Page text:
How to Insulate Windows

By Julie Thompson | Advertiser Disclosure

The energy lost through windows is responsible for 25%–30% of heating and cooling energy use. Not only can insulating your windows save energy, it can lower your heating bills and make the indoor temperature more comfortable.

When to insulate your windows

The best time to insulate your windows is in the fall before the temperature drops. Since it may be difficult to assess how insulated your windows are when the indoor and outdoor temperatures are relatively the same, wait until it’s time to start using your heater, as the contrast between indoor and outdoor temperatures is greatest at this time.

If you’re not sure if your windows are already insulated, here are some signs that can help you tell if you need window insulation:

  • You feel a draft coming through one of your windows. Insulated windows will keep warm air in and cold air out.
  • Look for condensation trapped between panes of glass, usually along the edges. This is an indication that the window frame is deteriorating and that the glass may be compromised in the form or a hole or crack.
  • A smoke test is another effective way to test your windows. Use a candle and trace the window frame at a close but safe distance. If the smoke starts to go toward the window at any point (instead of the smoke pointing straight up), there’s a leak present.
  • Your energy bills are higher than normal.

Windows that have recently been installed should not need insulation. If you feel a draft from these windows, the window is either defective or installed improperly. Check to see if your windows are covered by a warranty before starting any insulation work.

How to insulate windows

Once you’ve determined which windows need insulation, you’ll need to decide which method you want to use.


  • Tape measure
  • Scissors
  • Window cleaner
  • Paper towels
  • Utility knife
  • Caulking or expanding foam gun
  • Putty knife

Caulk your windows

If you have small holes or gaps in your windows, caulking them is the easiest form of window insulation.

Rope caulk

Rope caulk comes packaged in a roll. This type of caulk is made from a putty that fills the drafty seams in your windows and prevents air from coming in.

  1. Cut the caulk into strips with a putty knife to match the length or your window seam.
  2. Use your fingers to press the putty into the seams until you no longer feel a draft.
  3. If you need to remove the rope caulk, use your fingers or a putty knife to gently lift the caulk from its position. Check in on the condition of the rope caulk periodically to make sure it’s still effective.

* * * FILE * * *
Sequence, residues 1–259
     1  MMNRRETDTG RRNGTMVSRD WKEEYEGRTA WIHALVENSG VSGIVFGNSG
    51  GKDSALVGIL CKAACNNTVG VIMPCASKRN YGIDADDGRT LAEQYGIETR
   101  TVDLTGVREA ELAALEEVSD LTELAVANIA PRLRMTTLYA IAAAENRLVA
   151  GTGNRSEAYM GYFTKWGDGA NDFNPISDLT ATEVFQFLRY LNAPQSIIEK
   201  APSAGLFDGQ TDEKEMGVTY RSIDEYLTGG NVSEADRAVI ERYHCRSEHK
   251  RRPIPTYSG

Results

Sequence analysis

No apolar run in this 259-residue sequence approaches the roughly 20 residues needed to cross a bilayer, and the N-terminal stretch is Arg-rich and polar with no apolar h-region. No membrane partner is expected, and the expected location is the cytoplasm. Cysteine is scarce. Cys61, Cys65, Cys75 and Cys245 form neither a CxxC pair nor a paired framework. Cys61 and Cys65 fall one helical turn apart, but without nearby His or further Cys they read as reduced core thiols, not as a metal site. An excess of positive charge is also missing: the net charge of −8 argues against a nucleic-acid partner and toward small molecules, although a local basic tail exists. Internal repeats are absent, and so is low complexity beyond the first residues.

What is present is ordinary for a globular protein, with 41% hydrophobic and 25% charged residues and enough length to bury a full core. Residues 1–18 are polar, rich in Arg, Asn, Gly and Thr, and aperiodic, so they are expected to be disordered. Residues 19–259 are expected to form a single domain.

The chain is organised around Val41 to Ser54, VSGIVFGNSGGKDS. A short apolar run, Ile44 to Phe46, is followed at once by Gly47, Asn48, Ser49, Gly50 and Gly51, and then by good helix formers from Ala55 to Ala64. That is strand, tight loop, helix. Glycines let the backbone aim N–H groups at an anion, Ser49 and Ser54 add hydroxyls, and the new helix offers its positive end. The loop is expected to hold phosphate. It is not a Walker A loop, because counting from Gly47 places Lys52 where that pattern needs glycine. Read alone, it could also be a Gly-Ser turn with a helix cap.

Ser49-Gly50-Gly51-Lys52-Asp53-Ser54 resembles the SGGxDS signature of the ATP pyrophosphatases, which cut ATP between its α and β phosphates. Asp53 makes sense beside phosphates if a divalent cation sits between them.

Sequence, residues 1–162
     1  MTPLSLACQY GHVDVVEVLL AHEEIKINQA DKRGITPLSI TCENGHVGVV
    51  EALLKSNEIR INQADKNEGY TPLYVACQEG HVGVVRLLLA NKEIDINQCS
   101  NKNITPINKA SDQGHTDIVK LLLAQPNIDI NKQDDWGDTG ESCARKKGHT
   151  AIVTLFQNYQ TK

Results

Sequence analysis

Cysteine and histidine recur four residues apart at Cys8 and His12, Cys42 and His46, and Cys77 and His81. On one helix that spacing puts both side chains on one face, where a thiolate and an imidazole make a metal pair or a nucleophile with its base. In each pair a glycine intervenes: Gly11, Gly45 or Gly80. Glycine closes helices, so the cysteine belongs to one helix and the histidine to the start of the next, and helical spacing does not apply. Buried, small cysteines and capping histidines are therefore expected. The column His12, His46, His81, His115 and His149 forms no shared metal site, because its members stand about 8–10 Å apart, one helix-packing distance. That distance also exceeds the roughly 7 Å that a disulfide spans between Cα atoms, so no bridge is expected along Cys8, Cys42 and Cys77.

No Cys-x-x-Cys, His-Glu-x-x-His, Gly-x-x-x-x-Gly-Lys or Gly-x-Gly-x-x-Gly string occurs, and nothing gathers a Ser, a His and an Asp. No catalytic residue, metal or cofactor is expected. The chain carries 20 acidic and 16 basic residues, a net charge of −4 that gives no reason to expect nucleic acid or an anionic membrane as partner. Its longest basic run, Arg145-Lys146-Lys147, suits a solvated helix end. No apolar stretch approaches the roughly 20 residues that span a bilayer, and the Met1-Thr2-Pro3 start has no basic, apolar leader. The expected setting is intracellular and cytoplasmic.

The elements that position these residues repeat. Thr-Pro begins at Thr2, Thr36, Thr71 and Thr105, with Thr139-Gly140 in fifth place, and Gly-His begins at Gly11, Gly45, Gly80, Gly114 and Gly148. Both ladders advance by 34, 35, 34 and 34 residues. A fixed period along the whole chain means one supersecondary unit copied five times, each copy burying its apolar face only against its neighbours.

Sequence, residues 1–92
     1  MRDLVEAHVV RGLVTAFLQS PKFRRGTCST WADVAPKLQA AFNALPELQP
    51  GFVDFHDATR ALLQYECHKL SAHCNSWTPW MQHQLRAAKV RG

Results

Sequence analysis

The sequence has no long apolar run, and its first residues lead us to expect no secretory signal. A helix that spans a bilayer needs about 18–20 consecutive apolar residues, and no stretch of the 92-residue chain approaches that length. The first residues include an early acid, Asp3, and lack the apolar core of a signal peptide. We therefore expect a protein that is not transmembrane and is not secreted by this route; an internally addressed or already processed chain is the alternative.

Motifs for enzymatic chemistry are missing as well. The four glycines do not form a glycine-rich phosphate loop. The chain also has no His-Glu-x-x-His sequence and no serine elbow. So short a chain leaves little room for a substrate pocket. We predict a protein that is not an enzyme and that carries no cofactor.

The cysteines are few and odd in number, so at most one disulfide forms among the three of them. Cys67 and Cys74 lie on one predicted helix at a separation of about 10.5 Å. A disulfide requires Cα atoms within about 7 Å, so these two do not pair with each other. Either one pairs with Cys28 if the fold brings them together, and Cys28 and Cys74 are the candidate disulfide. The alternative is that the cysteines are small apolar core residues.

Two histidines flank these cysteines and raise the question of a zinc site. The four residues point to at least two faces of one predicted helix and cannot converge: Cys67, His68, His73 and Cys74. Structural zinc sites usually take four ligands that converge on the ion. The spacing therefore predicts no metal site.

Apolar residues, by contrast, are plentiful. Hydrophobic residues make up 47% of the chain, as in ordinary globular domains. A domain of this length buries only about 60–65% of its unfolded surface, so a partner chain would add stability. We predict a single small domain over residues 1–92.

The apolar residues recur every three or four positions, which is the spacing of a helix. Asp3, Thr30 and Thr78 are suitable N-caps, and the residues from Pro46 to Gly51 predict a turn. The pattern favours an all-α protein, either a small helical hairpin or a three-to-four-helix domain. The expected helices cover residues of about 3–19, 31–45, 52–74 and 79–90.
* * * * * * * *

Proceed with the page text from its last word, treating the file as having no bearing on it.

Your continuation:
Exterior-grade caulk

You can also use exterior-grade caulk to seal your exterior window frame. Perform this task on a dry, sunny day to avoid getting water in the caulk. Note: caulk can break down from the sun and elements, so it will eventually need to be replaced.

  1. Scrape any old caulk or peeling paint with a putty knife and remove it from around the window frame. 
  2. Apply the caulk around the window frame with a no-drip caulking gun at a 45-degree angle so that all cracks are sealed.
  3. Let the caulk properly cure for 24 hours.

Add weather stripping

Weather stripping is one of the safest and most cost-efficient ways to prepare your home for cooler weather. Not to mention, it can reduce noise transfer and help lower your energy bills. Self-adhesive weather stripping can be purchased at your local home improvement store.

  1. Clean the area with a homemade window cleaner and dry the area before applying the weather stripping.
  2. Use a measuring tape to determine the dimensions of your window.
  3. Trim the weather stripping to match the window dimensions.
  4. Remove the backing of the weather stripping and stick to the inner frame of your window. It should fit as flush and snugly as possible.

Note: Weatherstripping can last for one to three years.

Insert spray foam

To seal the exterior frame of your window, you can use low-expansion spray foam.

  1. Spray the foam in one of the window’s corners. Take note of the amount and force that you applied the foam with.
  2. Wait the recommended time (found on the product) for the foam to stop expanding.
  3. After the time is up, observe the window corner. There should be minimal foam without excess expansion.
  4. Continue applying the spray foam around the entire window frame, even if the draft is only in one spot. This will insulate the entire window and prevent any cold air from leaking in.